Campaign notebook

Warren delivers message using Obama’s words

Scott Brown told students at Bunker Hill Community College that “basic respect across party lines’’ is needed.

Senate candidate Elizabeth Warren is using the words of President Obama to make the case that she can get action in Washington.

In a new television ad that began airing statewide last night, the president is seen in the Rose Garden lauding Warren, who worked on his behalf to establish the Consumer Financial Protection Bureau.

“She’s a janitor’s daughter who has become one of the country’s fiercest advocates for the middle class,’’ Obama said. “She came up with an idea for a new, independent agency that would have one simple, overriding mission: standing up for consumers and middle-class families.’’


Warren herself is seen on camera, adding: “The big banks tried to stop us. But that new agency is already working to cut the fine print, hold those banks accountable. We can take on the big guys and win.’’

Get Fast Forward in your inbox:
Forget yesterday's news. Get what you need today in this early-morning email.
Thank you for signing up! Sign up for more newsletters here

The final image is of her and Obama laughing in the Oval Office.

The ad is the latest in a ramped-up television campaign signaling that Warren, a Democrat, is eager to establish a positive image after her Republican rival, US Senator Scott Brown, has repeatedly labeled the Harvard Law School professor an elitist.

The use of Obama in the video suggests that Warren’s camp felt the need to move beyond previous ads, which showed her talking about her roots and her work as a consumer advocate, allowing others to testify to her strengths.

Warren’s campaign manager sent an e-mail to her supporters yesterday, urging them to spread the word.


“Elizabeth may be a first-time candidate, but this isn’t the first campaign she’s run,’’ campaign manager Mindy Myers said in the e-mail. “Her first campaign with President Obama for the Consumer Financial Protection Bureau is already helping people across the Commonwealth and around the country. Elizabeth has proven that she can work with the president to fight for middle-class families. Now we need voters across Massachusetts to hear that story.’’

After tapping Warren to establish the bureau, Obama decided last year against nominating her to run it when Senate Republicans said they would block her nomination.


Brown diverges to a story but stays on his message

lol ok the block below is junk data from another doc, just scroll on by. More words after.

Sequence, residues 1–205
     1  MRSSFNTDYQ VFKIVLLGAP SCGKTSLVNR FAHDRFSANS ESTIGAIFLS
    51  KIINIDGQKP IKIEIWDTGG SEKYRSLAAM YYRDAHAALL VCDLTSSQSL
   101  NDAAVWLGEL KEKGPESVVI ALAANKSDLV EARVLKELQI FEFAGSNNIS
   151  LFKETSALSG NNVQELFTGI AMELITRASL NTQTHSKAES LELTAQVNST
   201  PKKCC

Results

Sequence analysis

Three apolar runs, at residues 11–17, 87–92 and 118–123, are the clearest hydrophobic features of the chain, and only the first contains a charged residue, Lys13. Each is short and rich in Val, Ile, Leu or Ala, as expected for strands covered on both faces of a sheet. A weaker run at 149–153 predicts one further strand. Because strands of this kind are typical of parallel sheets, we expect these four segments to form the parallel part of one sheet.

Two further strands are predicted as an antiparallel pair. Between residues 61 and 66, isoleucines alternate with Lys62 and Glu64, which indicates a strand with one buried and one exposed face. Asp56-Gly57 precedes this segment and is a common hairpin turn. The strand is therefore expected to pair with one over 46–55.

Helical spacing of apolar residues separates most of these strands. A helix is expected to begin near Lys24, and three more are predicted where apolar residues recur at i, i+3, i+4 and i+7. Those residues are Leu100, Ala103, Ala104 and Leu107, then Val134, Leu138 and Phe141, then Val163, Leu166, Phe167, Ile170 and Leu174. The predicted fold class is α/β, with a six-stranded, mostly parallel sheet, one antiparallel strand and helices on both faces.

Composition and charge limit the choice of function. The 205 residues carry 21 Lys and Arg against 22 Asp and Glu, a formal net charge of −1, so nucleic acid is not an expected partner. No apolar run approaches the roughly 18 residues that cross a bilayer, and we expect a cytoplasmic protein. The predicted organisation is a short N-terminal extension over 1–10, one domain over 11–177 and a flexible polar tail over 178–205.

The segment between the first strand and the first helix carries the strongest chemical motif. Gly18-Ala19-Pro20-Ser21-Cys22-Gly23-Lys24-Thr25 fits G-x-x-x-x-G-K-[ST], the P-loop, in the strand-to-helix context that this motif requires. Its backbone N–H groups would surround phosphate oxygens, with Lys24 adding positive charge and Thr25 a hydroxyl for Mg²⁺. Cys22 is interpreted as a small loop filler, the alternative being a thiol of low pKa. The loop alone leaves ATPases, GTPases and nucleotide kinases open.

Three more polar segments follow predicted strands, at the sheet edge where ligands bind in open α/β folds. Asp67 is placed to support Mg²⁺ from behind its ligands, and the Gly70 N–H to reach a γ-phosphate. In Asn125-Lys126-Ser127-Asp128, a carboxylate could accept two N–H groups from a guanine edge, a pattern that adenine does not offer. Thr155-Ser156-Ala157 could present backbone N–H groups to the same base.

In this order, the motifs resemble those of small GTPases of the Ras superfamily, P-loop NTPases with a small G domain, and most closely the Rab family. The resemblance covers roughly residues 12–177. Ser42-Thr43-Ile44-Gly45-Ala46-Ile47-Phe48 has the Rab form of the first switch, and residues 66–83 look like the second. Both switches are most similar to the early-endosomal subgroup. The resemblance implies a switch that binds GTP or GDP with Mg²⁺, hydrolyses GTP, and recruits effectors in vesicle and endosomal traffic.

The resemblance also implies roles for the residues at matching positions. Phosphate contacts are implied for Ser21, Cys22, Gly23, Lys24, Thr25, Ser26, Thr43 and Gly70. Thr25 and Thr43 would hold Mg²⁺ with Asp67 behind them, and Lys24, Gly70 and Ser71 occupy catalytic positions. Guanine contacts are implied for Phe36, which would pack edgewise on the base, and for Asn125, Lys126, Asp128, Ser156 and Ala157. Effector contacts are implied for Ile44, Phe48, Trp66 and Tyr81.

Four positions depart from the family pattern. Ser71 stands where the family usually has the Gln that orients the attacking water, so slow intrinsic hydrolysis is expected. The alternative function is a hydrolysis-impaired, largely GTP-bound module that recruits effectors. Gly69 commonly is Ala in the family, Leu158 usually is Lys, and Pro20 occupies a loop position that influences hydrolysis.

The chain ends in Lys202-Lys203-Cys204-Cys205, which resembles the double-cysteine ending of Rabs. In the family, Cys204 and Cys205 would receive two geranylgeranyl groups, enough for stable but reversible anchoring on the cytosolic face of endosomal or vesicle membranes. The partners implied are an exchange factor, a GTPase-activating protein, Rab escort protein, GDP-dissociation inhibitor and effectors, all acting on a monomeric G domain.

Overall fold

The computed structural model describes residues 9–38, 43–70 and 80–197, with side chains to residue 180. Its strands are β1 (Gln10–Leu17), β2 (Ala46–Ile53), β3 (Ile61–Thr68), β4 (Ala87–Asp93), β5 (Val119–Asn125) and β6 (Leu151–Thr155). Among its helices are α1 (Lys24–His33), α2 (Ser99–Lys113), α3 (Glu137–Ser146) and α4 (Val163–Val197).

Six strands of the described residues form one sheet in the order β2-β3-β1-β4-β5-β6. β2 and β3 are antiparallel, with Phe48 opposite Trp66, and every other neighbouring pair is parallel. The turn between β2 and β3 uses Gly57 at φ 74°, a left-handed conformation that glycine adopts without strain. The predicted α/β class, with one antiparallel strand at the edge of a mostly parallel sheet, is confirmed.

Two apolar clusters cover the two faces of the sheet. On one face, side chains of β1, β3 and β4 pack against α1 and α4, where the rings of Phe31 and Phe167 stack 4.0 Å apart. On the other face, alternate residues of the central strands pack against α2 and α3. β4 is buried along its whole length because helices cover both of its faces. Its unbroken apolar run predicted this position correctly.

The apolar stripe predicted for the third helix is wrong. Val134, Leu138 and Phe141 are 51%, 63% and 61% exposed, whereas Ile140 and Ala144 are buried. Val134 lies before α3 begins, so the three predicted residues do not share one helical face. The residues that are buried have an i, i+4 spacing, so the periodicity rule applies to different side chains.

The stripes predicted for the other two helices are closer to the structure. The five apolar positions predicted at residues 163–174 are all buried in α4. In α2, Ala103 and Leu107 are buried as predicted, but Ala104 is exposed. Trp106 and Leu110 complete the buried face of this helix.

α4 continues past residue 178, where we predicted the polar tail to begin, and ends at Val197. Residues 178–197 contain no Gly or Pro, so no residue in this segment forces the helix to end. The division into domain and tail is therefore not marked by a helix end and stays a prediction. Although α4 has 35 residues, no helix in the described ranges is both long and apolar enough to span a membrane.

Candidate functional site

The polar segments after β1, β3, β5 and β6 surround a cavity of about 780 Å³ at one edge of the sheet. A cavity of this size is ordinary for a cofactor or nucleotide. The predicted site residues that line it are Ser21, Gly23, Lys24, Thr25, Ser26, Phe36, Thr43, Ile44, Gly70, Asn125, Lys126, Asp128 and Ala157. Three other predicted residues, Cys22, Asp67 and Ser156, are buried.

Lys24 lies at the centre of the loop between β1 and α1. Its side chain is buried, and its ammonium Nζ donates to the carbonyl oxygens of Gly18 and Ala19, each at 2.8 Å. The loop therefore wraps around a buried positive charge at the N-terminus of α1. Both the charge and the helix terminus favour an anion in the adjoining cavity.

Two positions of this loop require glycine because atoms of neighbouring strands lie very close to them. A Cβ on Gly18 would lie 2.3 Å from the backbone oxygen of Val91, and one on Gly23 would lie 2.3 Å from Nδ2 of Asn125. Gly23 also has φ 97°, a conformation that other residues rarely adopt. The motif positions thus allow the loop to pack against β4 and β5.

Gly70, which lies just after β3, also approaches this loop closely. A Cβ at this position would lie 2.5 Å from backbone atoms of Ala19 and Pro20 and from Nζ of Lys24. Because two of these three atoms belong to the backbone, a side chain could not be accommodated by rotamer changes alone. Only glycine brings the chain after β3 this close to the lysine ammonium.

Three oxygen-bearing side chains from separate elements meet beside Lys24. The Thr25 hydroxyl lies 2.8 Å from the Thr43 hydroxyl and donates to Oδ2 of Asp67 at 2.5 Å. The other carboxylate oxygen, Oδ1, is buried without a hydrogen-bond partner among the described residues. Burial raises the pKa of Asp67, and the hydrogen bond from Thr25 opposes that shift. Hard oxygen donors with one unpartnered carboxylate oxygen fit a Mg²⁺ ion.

US Senator Scott Brown Wednesday told a story of how the late House Speaker Thomas P. “Tip’’ O’Neill prayed with Ronald Reagan in the hospital after the president had been shot, as a poignant example of a Washington interaction that “transcends party politics.’’

In a 20-minute speech at Bunker Hill Community College that cited Reagan’s brush with death and the 9/11 attacks as examples, Brown appealed to voters to renew their common sense of purpose.

“When we are in the most difficulty, we rise as Americans first,’’ he said. “And our differences don’t disappear when some national tragedy occurs, but the hostility does.’’


Brown’s campaign touted the remarks as a major campaign speech, but it mostly reiterated the Republican senator’s central theme of crossing party lines to break government gridlock, with the senator citing several bills he has helped pass through a largely divided Senate.

Brown evoked Obama’s 2008 campaign theme, lambasting the current Washington atmosphere in which “assigning bad motives’’ is common practice among rivals. Still, in an interview with reporters after the event, Brown did not shrink from his campaign’s ongoing efforts to label his Democratic opponent, Elizabeth Warren, as an “elitist hypocrite.’’

“I think there is an elitist attitude there in the way that she’s communicating with us as citizens and telling us how to do things, who should be taxed, who should not be taxed,’’ he said.

Brown has spent much of the week underscoring his bipartisan credentials, releasing a radio ad Tuesday called “Americans First’’ and highlighting endorsements Monday from former Democratic mayors of Boston and Worcester.

Democrats attempted to undermine the message in a Wednesday press release that pointed to an April 24 fund-raising e-mail Brown sent out to national donors in which he took a more partisan tone.

“I know there are several other GOP campaigns to support,’’ he wrote, “but this race is the battleground for the United States Senate, the only sure hedge to a potential second term for President Obama.’’